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I am in the process of investing a windfall using Dollar Cost Averaging strategy.

I want to plot my portfolio value in a spreadsheet, but if I simply chart the current price, it doesn't reflect the fact that I bought at different prices and that some units might be ahead on the purchase price and some currently behind.

Is there a formula or method that takes the range of purchase prices into account when calculating current position?

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  • Why not just take the ending portfolio value divided by the windfall amount? Why does it matter that some lots are ahead and some behind?
    – D Stanley
    Feb 4 at 1:50
  • You can do lot-based accounting, or you can do total position based accounting, it really depends on you. Although lot-based accounting does give you more data points and more flexibility.
    – CQM
    Feb 4 at 2:46
  • @DStanley I am not sure if it really matters, as such, but I am curious to see how the DCA strategy works comparing lots Vs had I invested a lump sum. It is all about learning for me...
    – Steve
    Feb 4 at 5:48
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(Tracking DCA investments is no different than tracking 401(k) investments.)

The easy way (which works only if you invest the same amount every period, on about the same day every period) is to use Excel's =FV() function.

The more flexible method (if you don't contribute the same amount every period, at the same time every period) is to compute the series of future values yourself.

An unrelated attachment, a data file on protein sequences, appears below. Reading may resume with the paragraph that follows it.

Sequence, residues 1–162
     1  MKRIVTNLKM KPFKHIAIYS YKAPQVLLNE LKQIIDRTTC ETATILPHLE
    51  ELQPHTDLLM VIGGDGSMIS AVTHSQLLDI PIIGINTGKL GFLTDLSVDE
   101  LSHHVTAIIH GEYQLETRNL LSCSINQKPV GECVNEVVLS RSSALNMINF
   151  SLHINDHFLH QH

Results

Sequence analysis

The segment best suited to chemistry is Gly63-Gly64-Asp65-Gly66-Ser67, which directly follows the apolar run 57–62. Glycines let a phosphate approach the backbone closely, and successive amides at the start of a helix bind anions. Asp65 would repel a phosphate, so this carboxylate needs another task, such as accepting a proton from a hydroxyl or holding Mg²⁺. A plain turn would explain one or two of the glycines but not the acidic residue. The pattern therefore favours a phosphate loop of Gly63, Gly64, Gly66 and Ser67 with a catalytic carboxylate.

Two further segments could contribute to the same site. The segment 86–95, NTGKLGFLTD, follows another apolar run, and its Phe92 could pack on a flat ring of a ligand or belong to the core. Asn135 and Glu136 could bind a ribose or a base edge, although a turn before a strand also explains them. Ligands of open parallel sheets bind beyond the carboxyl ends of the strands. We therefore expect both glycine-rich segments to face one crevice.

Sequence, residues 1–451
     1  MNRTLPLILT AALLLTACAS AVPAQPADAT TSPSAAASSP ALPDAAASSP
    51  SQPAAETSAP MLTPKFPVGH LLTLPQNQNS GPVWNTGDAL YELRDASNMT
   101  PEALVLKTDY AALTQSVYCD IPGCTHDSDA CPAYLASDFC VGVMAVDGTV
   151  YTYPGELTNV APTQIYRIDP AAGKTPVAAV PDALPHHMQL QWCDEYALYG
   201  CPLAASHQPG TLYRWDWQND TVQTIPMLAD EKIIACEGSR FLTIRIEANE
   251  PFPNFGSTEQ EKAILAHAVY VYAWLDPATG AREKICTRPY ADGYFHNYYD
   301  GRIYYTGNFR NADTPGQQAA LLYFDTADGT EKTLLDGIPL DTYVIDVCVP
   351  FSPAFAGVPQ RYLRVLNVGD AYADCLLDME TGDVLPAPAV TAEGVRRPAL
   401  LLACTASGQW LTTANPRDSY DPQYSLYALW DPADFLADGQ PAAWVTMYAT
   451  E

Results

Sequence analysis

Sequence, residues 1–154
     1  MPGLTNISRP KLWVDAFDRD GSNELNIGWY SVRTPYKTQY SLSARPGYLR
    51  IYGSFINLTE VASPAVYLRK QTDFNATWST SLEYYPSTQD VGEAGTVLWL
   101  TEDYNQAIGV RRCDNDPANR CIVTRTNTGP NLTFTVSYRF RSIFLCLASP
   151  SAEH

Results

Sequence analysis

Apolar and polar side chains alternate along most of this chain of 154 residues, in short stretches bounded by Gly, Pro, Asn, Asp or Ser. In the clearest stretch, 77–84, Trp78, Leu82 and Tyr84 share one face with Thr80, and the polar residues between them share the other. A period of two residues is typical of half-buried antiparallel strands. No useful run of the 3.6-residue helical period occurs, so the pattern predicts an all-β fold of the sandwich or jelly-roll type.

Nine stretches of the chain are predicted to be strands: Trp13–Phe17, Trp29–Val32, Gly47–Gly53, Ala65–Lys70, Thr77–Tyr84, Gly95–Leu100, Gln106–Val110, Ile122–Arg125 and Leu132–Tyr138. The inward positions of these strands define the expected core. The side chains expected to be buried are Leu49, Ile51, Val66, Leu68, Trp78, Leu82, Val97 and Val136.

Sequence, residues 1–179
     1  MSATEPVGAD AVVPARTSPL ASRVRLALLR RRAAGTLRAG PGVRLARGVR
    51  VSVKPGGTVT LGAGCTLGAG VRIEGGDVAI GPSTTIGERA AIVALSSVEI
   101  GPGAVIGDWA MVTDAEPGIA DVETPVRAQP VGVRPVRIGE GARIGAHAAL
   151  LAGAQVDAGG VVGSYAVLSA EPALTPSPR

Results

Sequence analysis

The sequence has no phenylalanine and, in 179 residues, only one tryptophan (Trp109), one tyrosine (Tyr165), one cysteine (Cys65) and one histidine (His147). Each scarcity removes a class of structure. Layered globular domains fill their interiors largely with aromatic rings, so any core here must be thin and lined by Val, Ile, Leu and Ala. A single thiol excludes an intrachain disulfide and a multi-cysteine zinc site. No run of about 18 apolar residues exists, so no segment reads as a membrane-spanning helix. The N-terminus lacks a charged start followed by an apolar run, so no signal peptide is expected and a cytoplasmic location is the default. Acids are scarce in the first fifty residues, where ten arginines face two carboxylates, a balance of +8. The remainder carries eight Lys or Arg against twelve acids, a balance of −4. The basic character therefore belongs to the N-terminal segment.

The way I do it (and the results match my plan provider's numbers) is with a spreadsheet having one row per purchase, plus three "separate" cells.

In three separate cells, put:

  1. the Starting Balance (might be $0),
  2. the Current Account Balance, and
  3. the hypothetical growth rate (which you adjust; start with a reasonable guess, you'll be changing it later).

The columns would be something like this:

Date  ESP  Purchase_Price    FV

Where:

  • Date is the day you purchased it.
  • ESP is "Elapsed Time Since Purchase": how many years from Date to Now. Use the =DATEIF() function, and divide by 365.
  • Purchase_Price is what it says on the tin: how much money you spent purchasing the investments that period, and
  • FV (Future Value) is how much that money "should be" worth given the growth rate specified in "Cell 3" above.

Sum up the FV column at the bottom of that column.

Compare that FV sum to the Current Account Balance. Adjust the hypothetical growth rate (Cell 3" until the sum of the FV values matches the Current Account Balance, et voilà now you know your investment's growth rate.

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  • Thanks, very useful. Let's see what else is offered before I accept ;o)
    – Steve
    Feb 4 at 5:49

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